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NEW YORK -- In an unusual reinsurance arrangement, Swiss Reinsurance Co. has created a basis swap with a New York reinsurance company for U.S. windstorm damage.
The transaction uses capital market techniques but not the capital markets. Its creators at Swiss Re say, though, that the transaction's form could be used to access capital markets in the future.
This basis risk reinsurance transaction allows the reinsurer -- whose name was not revealed -- either to receive from or pay to Swiss Re as much as $10 million.
The transaction rests on two triggers. The first is the amount of Southeast U.S. windstorm losses the unnamed reinsurer sustains over a 12-month period, beginning Aug. 22. The second trigger is the amount of Southeast U.S. windstorm losses sustained by the overall industry over the same time period, as calculated by the Property Claim Services unit of Insurance Services Office Inc. The amounts of the triggers were not revealed.
If the company's losses exceed their trigger but the industry's losses are below that trigger, Swiss Re will pay the reinsurer the amount by which the individual trigger is exceeded. On the other hand, if the company's losses do not exceed its trigger but the industry loss trigger is exceeded, the company will pay Swiss Re an amount determined by a formula.
"If the losses from neither side exceed the trigger, then nothing happens," explained Gail Belonsky, director at Swiss Re New Markets in New York, an alternative risk transfer unit of Swiss Re. Swiss Re New Markets put the deal together, but Zurich, Switzerland-based European Re, another Swiss Re unit, will assume the risk.
If both the company's and industry's losses exceed their respective triggers, the two reinsurers will pay each other, possibly resulting in a wash.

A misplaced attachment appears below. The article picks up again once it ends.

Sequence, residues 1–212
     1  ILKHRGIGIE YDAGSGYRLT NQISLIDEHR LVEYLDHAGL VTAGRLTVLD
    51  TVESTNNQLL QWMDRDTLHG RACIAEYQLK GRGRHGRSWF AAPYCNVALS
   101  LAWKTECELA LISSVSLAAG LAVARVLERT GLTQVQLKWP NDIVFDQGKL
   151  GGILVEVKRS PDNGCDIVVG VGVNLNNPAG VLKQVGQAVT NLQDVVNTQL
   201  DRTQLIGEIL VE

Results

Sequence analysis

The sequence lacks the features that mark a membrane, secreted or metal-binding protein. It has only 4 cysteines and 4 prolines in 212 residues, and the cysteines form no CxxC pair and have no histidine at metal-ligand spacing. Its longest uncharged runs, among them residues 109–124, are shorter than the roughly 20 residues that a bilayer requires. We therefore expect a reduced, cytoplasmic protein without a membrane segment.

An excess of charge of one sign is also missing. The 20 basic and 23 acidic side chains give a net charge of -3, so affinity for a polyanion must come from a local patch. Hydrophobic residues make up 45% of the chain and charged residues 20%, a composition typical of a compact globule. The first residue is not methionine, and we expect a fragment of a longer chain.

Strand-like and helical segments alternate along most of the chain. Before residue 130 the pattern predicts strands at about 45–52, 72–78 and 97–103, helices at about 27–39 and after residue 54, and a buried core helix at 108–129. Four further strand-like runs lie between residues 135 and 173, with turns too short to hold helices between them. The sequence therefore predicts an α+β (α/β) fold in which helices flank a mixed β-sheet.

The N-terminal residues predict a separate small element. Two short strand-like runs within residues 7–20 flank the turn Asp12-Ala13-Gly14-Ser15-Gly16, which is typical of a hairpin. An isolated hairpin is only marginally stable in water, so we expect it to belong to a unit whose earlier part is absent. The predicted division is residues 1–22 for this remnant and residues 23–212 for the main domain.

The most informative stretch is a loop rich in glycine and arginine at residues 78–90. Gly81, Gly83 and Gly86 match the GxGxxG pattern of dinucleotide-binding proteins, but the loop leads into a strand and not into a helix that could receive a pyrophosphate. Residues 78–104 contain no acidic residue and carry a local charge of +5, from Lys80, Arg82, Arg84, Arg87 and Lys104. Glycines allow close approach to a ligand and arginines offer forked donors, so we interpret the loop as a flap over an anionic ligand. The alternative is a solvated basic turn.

An advantage the deal offers the reinsurer is a lower premium than a standard catastrophe reinsurance program.
Ms. Belonsky said she is unaware of any other transactions similar to this one. In this deal, Swiss Re looks to the New York reinsurer for payment if industry losses exceed their trigger, but in the future Swiss Re could also look to other reinsurers or to the capital markets, Ms. Belonsky said.
Joining the two parts of the transaction into one deal is "definitely not common," said Tony Rettino, director of Aon Capital Markets in Chicago.
Mr. Rettino added that this type of transaction, where capital market concepts are applied to reinsurance, will grow in popularity in the future. "Certainly, we are seeing a broad application of the capital market concepts in the reinsurance markets," he said.
Donald Watson, director and head of the global reinsurance group at Standard & Poor's Corp. in New York, said, "It's a neat strategy for hedging your risk." He added, "This allows (reinsurers) to provide cat protection at a cheaper price."
Bringing in the capital markets will take some time, "but this type of transaction can make it easier to be done in the future," Mr. Watson said.